Jane Eyre - Milton Keynes Theatre

A large group of year 10 and A level English literature students spent the afternoon at Milton Keynes Theatre enjoying a new production of the timeless story Jane Eyre.

For those who have never had the pleasure to read or watch Jane Eyre, allow me to set the scene: Charlotte Brontë published Jane Eyre in 1847 under the male pseudonym Currer Bell. It relates the story of Jane Eyre, an orphan, and her journey through life – namely, her position as a governess and her forbidden love for her master, Mr Edward Rochester. Jane Eyre is widely regarded as a timeless novel, both for its relatively revolutionary views regarding social expectations and its infamous love story between Jane and Rochester.

However, as a publically cynical critic of Jane and Rochester’s “infamous love”, I’ve invoked several debates on Brontë’s presentations of love and what makes the story a classic. Picture this: an 18-year old girl falling in love with a 40-something year old man (in fact, the first man she’s ever truly spoken to). Of course, in our 21st century, the thought of such an age gap with a – shock horror – hand hold every now and then doesn’t exactly appeal to a modern reader. My main argument in these debates always comes back to the idea of love – Jane (and arguably Brontë herself) is in love with the idea of love, rather than being in ‘actual’ love.

But why is Brontë’s novel considered a literary timeless masterpiece? Although it may be difficult to identify with in our era, there is no denying Brontë’s excellent and compelling storyline, as well as her modern views, that were articulated in the 19th century.

One major drawback of ‘timeless classics’ are the several adaptations that follow them – as the years have gone by, there have been an almost infinite list of theatre, radio, television, film and even book adaptions of Jane Eyre. This could be seen as a convincing piece of evidence of its brilliance. Despite this, I found myself questioning how long this list could go on for once I received an email about the new theatre production of Jane Eyre!

Don’t get me wrong – I have the utmost respect for any adaptation of a classic. However, I also appreciate how difficult it is to breathe a breath of fresh air into a story that’s been done a thousand times before.

But it did.

Walking into Milton Keynes Theatre last Wednesday was certainly different from my preconceived expectations. I was expecting a traditional blank stage with a few minor props, but I was met with a rather peculiar set up of different ladders, ramps and levels of staging (captured sneakily in a picture below). Needless to say, this was a ‘breath of fresh air’ that astounded me.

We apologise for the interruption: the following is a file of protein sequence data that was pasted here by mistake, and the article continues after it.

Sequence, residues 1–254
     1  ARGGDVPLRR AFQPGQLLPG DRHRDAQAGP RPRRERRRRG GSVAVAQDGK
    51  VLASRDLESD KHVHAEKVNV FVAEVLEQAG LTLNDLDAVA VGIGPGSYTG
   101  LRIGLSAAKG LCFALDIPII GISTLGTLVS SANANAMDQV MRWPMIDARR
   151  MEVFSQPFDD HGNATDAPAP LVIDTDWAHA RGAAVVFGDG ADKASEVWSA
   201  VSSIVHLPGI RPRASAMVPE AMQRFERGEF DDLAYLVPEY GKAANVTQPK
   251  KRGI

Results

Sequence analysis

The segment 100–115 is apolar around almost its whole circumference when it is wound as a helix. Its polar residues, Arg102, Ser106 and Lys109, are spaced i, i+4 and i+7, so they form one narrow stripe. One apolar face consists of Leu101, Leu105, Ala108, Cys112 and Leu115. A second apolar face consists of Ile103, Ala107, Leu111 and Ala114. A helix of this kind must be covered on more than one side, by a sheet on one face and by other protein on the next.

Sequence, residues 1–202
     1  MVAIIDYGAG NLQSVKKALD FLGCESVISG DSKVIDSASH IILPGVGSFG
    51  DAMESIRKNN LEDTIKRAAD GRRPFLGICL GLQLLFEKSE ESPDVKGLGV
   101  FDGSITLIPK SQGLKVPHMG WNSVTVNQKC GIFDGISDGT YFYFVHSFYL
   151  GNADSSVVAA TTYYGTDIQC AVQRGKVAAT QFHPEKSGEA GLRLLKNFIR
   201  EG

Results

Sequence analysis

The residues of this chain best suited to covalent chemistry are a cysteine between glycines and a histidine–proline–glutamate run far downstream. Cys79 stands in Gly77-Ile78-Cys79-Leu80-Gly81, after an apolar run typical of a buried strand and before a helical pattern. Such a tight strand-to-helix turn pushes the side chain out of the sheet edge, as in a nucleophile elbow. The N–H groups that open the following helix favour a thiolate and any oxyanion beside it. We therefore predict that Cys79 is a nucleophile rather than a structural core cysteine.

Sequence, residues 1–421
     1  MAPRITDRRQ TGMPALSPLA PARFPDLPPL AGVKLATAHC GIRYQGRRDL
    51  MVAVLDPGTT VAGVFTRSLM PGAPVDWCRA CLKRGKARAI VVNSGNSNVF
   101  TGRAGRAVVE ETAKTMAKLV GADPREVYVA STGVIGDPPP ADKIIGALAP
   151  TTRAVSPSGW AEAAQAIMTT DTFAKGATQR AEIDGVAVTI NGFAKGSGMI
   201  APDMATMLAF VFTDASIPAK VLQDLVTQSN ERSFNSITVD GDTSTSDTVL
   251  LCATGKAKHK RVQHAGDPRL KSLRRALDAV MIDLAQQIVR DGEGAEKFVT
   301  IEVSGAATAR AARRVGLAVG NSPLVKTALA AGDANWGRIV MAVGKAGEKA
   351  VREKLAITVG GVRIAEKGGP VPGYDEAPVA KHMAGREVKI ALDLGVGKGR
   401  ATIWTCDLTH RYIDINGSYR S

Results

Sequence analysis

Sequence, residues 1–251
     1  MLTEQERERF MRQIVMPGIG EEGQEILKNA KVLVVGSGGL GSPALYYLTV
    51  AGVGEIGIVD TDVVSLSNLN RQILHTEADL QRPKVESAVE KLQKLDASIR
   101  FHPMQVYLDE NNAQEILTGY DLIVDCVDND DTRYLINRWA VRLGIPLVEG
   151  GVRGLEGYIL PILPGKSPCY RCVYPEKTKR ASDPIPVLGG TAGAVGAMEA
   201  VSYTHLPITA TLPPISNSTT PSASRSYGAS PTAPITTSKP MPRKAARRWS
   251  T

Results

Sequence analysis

The play cleverly encompasses only 15 cast members, who portray different characters as they both leave and appear on stage. This contemporary technique again highlights the ‘breath of fresh air’ this play breathes, as the audience is kept on their toes with new characters being introduced throughout the play. Interestingly, only 2 actors do not change roles – Jane, our protagonist, and Bertha, Mr Rochester’s mad wife, who is locked in the attic. For perhaps purposeful reasons or even Brontë’s own subconscious filtering, Bertha is not explored much as a character within the original novel. Although again not explored as Jane or Rochester is within the play, Bertha, who is not revealed to be her character until much later, provides an unsettling dream-like quality to the performance which only makes us question her character and her presence even further.

Finally, the acting itself was spectacular – my breath was taken away at certain parts of the production as the emotion portrayed really hit home. Even as a pronounced “cynical critic” of Jane and Rochester’s infamous love (a factor that has certainly induced the majority of Jane Eyre adaptations), I found myself believing in this love (note the lack of inverted commas!) – not even just believing in it, but supporting this real, true and deep love between Brontë’s treasured characters; all due to the sheer talent of these actors.

For certain, this production will not disappoint even the toughest of critics – in fact, the play is a statement, a promise. A promise that Charlotte Brontë’s classic novel, Jane Eyre, will never not be timeless. It is indeed a breath of fresh air, and I’m honoured to have had the pleasure to experience it.

Check out www.janeeyreontour.co.uk !

Meg Clayton, year 12

 

 

 

 

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